Debate About Math In Economics
Smith also suggests that the reason advanced math is used is because professors thinks it signals intelligence. Of course, taking IQ tests would be a far less time consuming and a lot more effective way of achieving that, and it wouldn't distort theories.
Paul Krugman responds by claiming that he used math when he came up with his Nobel winning trade theories (which unlike his macro analysis are mostly sensible). Perhaps that is true, but I don't see how they couldn't be derived using verbal logical analysis.
Bryan Caplan responds to Krugman by saying that even if that was true for him, for most people it has a negative effect on economic analysis.
What about the the remaining 5% who do understand some mathematical economics? An optimist would point out that this 5% does the lion's share of original economic thinking. Perhaps economath is vital scaffolding for intellectual progress despite its low pedagogical value.
Empirically, even the 5% gain most of their economic understanding via intuition. Don't believe me? Show a typical economist a theory article, and watch how he "reads" it: He reads the abstract and introduction, flips the theory pages, then reads the conclusion. If math is so enlightening, why do even the mathematically able routinely skip the math?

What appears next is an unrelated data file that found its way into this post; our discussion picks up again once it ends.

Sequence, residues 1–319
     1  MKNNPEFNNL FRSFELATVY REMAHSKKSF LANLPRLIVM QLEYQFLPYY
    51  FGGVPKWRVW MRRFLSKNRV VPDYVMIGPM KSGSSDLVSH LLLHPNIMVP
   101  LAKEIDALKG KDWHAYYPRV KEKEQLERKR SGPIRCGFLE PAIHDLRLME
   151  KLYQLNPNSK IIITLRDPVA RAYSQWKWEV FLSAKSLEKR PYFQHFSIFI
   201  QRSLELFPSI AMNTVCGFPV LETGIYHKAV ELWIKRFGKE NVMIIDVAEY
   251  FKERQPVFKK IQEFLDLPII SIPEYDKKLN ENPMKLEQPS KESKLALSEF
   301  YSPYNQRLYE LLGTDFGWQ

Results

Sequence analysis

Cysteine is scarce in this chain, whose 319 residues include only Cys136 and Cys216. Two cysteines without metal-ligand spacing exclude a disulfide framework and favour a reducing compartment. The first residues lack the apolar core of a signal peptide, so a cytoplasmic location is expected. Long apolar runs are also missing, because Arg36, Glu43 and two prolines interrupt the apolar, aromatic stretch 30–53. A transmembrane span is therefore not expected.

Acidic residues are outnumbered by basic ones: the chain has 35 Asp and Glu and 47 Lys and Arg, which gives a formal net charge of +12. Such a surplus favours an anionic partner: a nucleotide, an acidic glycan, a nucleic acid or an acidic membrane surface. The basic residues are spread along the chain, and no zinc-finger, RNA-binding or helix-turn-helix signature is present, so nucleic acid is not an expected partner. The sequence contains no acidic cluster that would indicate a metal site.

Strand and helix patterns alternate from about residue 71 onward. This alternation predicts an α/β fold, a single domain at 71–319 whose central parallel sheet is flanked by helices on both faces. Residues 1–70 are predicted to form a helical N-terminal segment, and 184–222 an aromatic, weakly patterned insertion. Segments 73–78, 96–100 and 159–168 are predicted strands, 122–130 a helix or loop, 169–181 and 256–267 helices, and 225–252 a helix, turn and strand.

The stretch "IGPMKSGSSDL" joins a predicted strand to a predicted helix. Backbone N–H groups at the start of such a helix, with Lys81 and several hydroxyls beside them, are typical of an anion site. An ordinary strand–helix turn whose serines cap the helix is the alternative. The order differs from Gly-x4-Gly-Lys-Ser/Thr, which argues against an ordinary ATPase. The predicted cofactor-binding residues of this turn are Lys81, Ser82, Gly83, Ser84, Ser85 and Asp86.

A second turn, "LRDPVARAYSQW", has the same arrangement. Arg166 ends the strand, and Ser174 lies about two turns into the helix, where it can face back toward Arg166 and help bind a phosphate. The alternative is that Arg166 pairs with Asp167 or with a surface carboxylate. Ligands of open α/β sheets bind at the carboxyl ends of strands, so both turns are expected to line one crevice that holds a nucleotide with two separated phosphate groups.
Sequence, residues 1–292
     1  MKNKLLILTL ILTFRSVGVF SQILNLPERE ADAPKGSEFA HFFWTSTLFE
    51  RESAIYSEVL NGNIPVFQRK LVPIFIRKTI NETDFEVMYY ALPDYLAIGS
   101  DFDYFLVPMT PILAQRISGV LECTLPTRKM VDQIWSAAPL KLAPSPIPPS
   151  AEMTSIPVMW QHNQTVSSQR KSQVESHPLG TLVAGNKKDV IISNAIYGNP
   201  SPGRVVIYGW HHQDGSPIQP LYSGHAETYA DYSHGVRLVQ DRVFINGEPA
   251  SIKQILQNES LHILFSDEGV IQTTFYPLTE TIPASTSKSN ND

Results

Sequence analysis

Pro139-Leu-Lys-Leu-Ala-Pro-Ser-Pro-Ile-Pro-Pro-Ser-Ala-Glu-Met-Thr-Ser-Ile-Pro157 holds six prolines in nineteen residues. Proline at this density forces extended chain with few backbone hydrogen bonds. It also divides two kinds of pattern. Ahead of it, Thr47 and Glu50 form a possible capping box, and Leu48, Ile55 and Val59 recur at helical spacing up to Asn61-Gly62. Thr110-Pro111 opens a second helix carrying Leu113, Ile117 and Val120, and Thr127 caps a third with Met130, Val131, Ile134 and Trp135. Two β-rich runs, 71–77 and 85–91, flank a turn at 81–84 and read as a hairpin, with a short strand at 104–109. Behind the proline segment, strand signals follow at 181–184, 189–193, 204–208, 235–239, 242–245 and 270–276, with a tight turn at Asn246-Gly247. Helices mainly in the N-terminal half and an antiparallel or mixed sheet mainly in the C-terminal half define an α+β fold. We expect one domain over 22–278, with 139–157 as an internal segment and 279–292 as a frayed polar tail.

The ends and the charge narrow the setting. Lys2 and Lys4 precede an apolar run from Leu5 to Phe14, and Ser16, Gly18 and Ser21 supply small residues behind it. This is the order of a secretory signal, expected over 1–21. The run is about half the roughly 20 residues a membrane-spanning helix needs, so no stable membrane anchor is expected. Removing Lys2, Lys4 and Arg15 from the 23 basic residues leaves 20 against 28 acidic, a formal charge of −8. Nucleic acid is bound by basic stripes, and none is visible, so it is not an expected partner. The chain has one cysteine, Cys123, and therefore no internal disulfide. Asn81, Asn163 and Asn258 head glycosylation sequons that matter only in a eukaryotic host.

You could reply that mathematical economics shows that economic intuition is often wrong. I beg to differ. My experience: When mathematical economics contradicts common sense, there's almost always mathematical sleight of hand at work - a sneaky assumption, a stilted formalization, or bad back-translation from economath to English.My main objection to this is mainly Caplan's use of words like "intuition" and "common sense" to describe the alternative to math. "Intuition" is a word which means "the ability to acquire knowledge without inference and/or the use of reason", but of course verbal economic logic does involve the use of logical inference and reason. "Common sense" is similarly misleading since it refers to things that almost everyone is aware of and think is obvious, something that is clearly not applicable to advanced economic theories drived through verbal logic.